Research shows poor diet and not being active are two key factors that increase cancer risk. Twenty percent of cancers are related to obesity, physical inactivity, excess alcohol, and/or poor nutrition. Besides quitting smoking, you can help reduce your cancer risk by: (1) get to and stay at a healthy weight, (2) be physically active and (3) make healthy food choices.

Getting to and staying at a healthy weight reduces risk of cancer and other chronic diseases, such as heart disease and diabetes. Excess weight causes the body to produce and circulate more estrogen and insulin, hormones that can stimulate cancer growth. When trying to control weight, watch portion size, especially of foods high in calories, fat, and added sugars. Also, limit intake of high-calorie foods and drinks. Try writing down what and how much you eat & drink to see where you can cut down on portion sizes and cut back on unhealthy foods and drinks.  Losing even a small amount of weight has health benefits.

Next, increase your physically activity. Being active helps improve weight, and it can help improve hormone levels and the way your immune system works. The recommendation for adults is at least 150 minutes of moderate intensity or 75 minutes of vigorous intensity activity each week. This is over and above usual daily activities like using the stairs instead of the elevator at your office or doing housework. For kids, the recommendation is at least 60 minutes of moderate or vigorous intensity activity each day, with vigorous intensity activity occurring at least 3 days each week. Moderate activities are those that make you breathe as hard as you would during a brisk walk. Vigorous activities make you use large muscle groups and make your heart beat faster, make you breathe faster and deeper, and also make you sweat. It’s also important to limit sedentary behavior such as sitting, lying down, watching television, or other forms of screen-based entertainment.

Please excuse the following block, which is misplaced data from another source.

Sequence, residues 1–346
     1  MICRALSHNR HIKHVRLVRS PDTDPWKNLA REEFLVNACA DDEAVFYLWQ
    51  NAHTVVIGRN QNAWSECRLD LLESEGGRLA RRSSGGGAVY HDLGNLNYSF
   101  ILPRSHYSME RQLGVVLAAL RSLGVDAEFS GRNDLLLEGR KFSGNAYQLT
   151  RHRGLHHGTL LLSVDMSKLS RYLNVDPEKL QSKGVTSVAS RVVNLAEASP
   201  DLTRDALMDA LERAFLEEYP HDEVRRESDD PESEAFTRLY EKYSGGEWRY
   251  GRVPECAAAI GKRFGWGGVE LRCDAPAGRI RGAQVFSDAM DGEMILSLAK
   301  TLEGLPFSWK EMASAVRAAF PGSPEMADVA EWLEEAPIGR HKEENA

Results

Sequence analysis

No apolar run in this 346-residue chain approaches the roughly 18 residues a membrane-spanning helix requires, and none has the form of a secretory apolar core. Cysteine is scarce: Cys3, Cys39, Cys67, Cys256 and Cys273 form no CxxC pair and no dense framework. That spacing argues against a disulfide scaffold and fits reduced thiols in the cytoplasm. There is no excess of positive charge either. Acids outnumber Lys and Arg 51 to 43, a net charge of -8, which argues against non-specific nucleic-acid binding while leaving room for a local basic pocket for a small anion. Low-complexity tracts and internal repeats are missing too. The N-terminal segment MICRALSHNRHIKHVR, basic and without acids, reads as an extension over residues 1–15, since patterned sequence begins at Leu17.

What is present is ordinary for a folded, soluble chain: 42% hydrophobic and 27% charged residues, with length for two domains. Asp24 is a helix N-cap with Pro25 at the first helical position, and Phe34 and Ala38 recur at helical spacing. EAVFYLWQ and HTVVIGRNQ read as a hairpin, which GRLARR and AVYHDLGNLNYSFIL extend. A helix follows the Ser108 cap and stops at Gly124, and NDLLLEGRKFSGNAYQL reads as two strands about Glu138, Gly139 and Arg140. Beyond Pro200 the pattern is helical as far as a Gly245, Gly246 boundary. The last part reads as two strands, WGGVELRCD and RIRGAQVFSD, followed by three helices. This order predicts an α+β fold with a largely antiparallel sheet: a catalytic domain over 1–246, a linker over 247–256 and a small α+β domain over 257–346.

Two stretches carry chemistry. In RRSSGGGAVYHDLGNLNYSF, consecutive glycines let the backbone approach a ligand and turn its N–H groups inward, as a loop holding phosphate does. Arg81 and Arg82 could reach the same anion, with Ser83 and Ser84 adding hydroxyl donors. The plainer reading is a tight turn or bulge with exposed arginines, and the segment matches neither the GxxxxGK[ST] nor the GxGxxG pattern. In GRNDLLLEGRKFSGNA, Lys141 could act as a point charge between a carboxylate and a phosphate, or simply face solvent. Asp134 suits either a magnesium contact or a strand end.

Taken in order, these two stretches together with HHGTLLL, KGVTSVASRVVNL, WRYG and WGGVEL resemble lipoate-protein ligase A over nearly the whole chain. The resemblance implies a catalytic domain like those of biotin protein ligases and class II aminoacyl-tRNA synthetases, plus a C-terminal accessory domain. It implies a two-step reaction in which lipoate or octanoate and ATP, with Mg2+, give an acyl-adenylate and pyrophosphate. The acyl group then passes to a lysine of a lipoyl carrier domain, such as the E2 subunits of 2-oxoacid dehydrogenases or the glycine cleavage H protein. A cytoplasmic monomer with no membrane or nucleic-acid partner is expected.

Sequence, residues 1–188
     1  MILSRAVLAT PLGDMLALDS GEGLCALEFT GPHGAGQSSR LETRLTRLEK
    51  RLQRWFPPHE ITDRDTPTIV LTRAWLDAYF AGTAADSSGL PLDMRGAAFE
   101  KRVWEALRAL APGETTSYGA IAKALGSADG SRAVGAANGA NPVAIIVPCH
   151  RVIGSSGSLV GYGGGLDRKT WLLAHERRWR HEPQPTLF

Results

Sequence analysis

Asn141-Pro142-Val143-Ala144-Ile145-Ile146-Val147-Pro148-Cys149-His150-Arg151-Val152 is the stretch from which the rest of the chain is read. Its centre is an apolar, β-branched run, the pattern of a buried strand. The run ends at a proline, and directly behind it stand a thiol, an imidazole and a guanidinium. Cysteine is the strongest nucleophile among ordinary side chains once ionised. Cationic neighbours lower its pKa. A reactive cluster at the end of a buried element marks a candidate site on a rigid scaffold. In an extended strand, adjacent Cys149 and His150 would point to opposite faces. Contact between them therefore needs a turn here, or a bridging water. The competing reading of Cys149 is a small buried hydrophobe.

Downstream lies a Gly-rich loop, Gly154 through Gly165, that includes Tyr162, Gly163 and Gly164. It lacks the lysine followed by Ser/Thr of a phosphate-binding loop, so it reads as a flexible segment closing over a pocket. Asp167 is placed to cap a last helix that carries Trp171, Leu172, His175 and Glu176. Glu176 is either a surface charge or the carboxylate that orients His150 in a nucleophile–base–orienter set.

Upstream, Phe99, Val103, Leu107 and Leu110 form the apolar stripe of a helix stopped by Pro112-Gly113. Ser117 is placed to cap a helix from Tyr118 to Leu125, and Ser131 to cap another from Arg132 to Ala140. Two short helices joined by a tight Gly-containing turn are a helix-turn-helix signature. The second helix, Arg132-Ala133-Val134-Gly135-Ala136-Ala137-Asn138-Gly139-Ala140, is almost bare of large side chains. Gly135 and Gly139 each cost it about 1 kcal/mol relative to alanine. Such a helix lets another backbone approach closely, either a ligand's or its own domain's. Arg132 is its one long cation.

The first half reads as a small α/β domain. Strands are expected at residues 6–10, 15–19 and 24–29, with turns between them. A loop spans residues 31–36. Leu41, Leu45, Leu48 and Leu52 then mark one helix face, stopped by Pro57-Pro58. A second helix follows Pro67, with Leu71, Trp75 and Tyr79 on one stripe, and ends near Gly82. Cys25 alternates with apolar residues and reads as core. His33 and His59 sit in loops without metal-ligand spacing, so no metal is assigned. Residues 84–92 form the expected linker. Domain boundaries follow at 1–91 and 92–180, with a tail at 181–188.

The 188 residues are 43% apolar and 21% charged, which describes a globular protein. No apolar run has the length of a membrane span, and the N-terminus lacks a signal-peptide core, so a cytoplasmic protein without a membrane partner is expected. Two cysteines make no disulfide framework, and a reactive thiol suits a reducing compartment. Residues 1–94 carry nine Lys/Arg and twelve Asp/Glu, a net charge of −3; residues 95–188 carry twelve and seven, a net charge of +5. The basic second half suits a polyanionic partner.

Eating well is an important part of improving your health and reducing cancer risk. Read food labels to become more aware of portion sizes and calories. Low-fat or non-fat does not necessarily mean low-calorie. Eat smaller portions when eating high-calorie foods. Choose vegetables, whole fruit, legumes such as peas and beans, and other low-calorie foods instead of calorie-dense foods such as French fries, potato and other chips, ice cream, donuts, and other sweets. Limit your intake of sugar-sweetened beverages such as soft drinks, sports drinks, and fruit-flavored drinks. When you eat away from home, choose food low in calories, fat, and added sugar, and avoid eating large portion sizes. Limit how much processed meat and red meat you eat. Eat at least 2½ cups of vegetables and fruits each day. Choose whole grains instead of refined grain products. If you drink alcohol, limit intake to 2 drinks per day for men and 1 drink per day for women. The recommended limit is lower for women because of their smaller body size and slower breakdown of alcohol. A drink of alcohol is defined as 12 ounces of beer, 5 ounces of wine, or 1½ ounces of 80-proof distilled spirits (hard liquor).